‘Spin cycle’: UK finance watchdog finds rare area to act tough

The logo of the new Financial Conduct Authority (FCA) is seen at the agency’s headquarters in the Canary Wharf business district of London April 1, 2013. The Financial Services Authority (FSA) has been scrapped from April 1 amid reforms to fix a supervisory system criticised for failing to spot the financial crisis coming, forcing Britain to bail out banks. Two new bodies will replace it – the FCA and the Prudential Regulation Authority. REUTERS/Chris Helgren (BRITAIN – Tags: BUSINESS POLITICS LOGO)

Financial Conduct Authority Chief Executive Nikhil Rathi is belatedly deploying the UK watchdog’s biggest weapon in the fight against money laundering. Harsher measures are reassuring given signs of post-Brexit deregulation in other areas.

The FCA on Tuesday launched its first-ever criminal proceedings against a bank under a 2007 money-laundering law. Rathi’s enforcers allege that a division of 22 billion pound NatWest, formerly known as Royal Bank of Scotland, failed to adequately monitor suspicious transactions related to a corporate customer between 2011 and 2016. The watchdog reckons 365 million pounds went into the client’s accounts, of which about 264 million pounds was in cash. NatWest said it has been cooperating with the FCA’s investigation.

Though the maximum penalty under the 2007 law is an unlimited fine, it seems unlikely that NatWest will be hit with a U.S.-style multibillion-dollar penalty – even if found guilty. The bank, now led by Alison Rose, is still 62% taxpayer-owned. It’s hard to imagine a judge imposing further heavy losses on the government, which is already heavily underwater after bailing out the bank in 2008. NatWest’s shares were down almost 2% on Tuesday – equivalent to about 400 million pounds of lost equity value. That’s more than twice as much as the total value of FCA fines levied in 2020, but still only equivalent to 0.23 percentage points of NatWest’s common equity Tier 1 capital ratio.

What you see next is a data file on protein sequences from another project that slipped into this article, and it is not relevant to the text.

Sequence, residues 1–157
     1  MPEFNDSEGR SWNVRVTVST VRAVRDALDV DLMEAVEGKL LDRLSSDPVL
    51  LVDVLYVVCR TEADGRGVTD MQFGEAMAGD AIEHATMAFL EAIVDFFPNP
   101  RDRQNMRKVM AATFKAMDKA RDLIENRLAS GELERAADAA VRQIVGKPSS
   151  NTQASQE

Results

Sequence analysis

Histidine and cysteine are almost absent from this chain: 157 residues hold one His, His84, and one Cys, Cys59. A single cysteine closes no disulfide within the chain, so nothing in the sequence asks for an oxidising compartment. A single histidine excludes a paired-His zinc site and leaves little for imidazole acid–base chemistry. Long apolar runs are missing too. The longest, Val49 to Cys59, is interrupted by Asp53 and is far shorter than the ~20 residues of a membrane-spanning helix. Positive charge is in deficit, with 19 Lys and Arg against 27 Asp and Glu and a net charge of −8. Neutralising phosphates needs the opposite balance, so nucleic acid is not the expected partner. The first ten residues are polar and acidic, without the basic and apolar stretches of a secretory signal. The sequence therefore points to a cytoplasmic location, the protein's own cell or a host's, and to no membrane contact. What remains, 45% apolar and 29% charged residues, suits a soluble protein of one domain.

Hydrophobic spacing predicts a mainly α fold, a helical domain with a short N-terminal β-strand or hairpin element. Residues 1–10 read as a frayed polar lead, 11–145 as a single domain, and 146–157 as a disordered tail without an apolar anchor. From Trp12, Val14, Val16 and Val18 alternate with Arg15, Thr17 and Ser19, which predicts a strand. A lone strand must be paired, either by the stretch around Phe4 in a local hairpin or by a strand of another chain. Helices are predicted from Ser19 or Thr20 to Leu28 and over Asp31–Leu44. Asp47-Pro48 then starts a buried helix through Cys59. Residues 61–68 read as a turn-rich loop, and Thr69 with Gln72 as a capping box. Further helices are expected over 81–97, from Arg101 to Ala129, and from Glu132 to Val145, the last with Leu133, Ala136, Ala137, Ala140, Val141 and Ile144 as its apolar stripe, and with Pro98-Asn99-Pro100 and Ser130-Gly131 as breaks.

Instead, the main deterrent effect could be the humiliation of being dragged through the courts. That’s a starkly different prospect to the FCA’s historic approach, where banks like Standard Chartered have in recent years been able to quietly settle and move on. It arguably heralds a change in strategy at the FCA under Rathi, with the focus more on taking high-profile money-laundering scalps rather than quick fines.

Stricter enforcement sends a reassuring message, given signs that Britain is moving towards financial deregulation in other areas. Finance minister Rishi Sunak has signalled that the United Kingdom could reform its public listing rules, responding to a government-backed review led by former European Commissioner Jonathan Hill. That could include looser public listing standards, and giving the FCA a mandate to consider Britain’s “attractiveness as a place to do business”. Money-laundering may be one of the increasingly few areas where Rathi can act tough.